And the Lord said to Moses and Aaron, “This is the ordinance of the Passover. No foreigner
shall eat it. But every man’s servant who is bought for money, when you have circumcised him,
then he may eat it. A sojourner and a hired servant shall not eat it.’’
I have spent a lot of money feeding my family, providing clothing and shelter for them, paying
college tuition, even offering opportunities for them to enjoy themselves. I haven’t minded doing
that—after all, they are my family!
But unless there were extenuating circumstances, I would not have been so joyful about doing
that for someone who did not belong to my family. Some privileges are for family members
That’s the way God felt about the Passover. It was a celebration for His family. As children of
Abraham, the Jews were given the right to look to God as their Father, and the Passover was for
Those just passing through (sojourners) and those who were paid to be part of the group (hired
servants) were not family members and therefore were not eligible to enjoy family privileges.
In the church age, we also have a family-only celebration—the Lord’s Supper. This service is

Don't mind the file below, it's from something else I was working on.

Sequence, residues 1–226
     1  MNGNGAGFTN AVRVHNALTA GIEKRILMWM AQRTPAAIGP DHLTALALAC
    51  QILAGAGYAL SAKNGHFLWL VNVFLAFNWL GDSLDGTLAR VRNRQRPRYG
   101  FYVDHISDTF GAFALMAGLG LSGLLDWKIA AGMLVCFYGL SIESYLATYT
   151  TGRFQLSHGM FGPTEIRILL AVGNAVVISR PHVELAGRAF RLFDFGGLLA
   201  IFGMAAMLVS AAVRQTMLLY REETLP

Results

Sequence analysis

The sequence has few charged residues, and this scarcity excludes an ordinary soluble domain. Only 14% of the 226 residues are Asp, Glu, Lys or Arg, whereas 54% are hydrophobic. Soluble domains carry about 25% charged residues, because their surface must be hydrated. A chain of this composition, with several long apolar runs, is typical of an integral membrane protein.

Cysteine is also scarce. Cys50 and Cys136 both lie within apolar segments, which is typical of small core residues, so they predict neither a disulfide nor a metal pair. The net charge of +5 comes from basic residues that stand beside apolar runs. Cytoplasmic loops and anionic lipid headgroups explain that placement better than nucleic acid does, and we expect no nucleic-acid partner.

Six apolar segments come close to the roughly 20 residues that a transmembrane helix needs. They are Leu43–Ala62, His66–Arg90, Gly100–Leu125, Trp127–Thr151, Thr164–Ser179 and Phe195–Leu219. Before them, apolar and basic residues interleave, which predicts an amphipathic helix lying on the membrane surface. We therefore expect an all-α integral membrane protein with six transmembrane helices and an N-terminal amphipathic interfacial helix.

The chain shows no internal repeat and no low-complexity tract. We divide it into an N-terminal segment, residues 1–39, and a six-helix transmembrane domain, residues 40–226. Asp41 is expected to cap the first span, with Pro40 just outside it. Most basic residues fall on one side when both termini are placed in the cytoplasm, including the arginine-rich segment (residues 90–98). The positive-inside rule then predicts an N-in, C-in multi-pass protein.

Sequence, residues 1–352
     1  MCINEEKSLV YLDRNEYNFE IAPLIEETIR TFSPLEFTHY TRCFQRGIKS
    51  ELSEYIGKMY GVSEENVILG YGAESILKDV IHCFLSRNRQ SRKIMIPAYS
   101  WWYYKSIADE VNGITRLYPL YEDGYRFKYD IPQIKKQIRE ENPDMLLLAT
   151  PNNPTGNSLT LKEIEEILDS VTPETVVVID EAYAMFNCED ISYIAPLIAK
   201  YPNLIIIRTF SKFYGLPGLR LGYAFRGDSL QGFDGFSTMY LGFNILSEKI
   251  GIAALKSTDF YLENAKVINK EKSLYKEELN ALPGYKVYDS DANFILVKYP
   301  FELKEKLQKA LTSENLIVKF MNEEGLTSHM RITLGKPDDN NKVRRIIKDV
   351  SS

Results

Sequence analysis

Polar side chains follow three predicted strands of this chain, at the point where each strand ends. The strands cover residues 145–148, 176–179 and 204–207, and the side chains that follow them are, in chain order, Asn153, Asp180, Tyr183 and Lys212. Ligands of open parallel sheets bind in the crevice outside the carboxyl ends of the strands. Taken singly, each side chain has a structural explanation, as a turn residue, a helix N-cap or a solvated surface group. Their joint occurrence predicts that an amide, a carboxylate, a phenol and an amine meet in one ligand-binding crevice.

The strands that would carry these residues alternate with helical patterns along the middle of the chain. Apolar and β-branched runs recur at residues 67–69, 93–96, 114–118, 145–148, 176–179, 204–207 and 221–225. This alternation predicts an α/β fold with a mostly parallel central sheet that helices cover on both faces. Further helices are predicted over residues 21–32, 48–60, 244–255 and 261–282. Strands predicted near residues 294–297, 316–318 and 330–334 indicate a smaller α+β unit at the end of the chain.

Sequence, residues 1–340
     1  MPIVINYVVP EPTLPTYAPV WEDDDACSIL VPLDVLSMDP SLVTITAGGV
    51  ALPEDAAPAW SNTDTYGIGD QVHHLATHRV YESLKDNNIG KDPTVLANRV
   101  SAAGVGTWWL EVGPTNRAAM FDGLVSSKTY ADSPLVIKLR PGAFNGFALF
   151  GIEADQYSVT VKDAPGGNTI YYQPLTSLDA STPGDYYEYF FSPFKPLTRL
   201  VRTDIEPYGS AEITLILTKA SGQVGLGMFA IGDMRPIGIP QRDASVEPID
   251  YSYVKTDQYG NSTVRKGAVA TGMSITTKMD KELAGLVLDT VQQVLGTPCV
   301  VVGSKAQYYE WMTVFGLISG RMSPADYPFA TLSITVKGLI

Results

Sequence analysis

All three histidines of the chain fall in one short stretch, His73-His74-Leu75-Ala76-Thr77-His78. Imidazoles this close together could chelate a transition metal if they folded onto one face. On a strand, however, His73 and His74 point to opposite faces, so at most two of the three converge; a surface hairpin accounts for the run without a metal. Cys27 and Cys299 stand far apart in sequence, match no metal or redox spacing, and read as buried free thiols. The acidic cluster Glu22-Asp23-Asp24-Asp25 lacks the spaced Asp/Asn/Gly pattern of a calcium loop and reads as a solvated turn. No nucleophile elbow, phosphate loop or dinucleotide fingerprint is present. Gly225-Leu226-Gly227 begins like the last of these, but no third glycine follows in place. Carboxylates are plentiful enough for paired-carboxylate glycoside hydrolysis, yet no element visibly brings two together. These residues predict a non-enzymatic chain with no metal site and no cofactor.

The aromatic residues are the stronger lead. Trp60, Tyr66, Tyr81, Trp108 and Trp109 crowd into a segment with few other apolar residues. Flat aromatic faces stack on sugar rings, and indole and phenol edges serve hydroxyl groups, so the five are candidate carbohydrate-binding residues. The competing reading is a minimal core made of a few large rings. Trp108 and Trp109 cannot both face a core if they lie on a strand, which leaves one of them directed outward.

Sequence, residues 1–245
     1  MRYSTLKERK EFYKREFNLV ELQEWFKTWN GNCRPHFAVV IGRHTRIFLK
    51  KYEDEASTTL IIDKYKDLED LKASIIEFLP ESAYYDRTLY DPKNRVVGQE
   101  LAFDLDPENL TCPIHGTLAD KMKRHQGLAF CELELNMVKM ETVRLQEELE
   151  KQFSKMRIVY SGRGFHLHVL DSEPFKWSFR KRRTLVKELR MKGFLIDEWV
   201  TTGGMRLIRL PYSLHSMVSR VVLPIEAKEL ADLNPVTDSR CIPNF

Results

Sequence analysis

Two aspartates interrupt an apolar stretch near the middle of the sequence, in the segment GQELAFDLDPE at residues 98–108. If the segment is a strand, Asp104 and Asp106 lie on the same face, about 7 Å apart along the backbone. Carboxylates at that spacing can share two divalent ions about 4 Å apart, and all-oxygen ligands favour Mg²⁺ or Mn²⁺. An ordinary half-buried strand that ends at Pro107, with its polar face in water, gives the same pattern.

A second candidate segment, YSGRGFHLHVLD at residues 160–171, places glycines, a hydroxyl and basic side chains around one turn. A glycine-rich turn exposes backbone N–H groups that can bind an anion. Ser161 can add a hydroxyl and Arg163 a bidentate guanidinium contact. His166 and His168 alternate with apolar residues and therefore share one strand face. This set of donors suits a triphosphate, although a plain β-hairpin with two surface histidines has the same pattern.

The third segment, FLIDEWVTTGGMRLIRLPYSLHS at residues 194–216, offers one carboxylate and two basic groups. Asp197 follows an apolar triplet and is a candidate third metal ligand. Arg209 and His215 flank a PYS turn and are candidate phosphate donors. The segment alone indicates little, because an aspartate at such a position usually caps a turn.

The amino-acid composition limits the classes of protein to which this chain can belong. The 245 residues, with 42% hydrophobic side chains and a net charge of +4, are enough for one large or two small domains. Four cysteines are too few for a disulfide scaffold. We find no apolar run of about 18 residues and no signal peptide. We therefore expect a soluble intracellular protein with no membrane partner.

modeled after the Passover feast. As Passover reminds the Jews of their deliverance from
bondage in Egypt, Communion reminds Christians of their deliverance from the bondage of sin,
which Christ provided through His death on the cross.
To participate in this service, one must be a member of the family, and the only way to become
a part of the family is to receive Christ as Savior.The next time you prepare to partake in the
Communion service, ask yourself. “Have I become part of God’s family? Have I trusted Jesus
Christ as my Savior? Am I a member in good standing by confessing my sins?”
If the answers to these questions are yes, do what the Israelites did. Celebrate your freedom.
Enjoy being a member of the family.
FAMILY PRIVILEGES ARE FOR MEMBERS ONLY.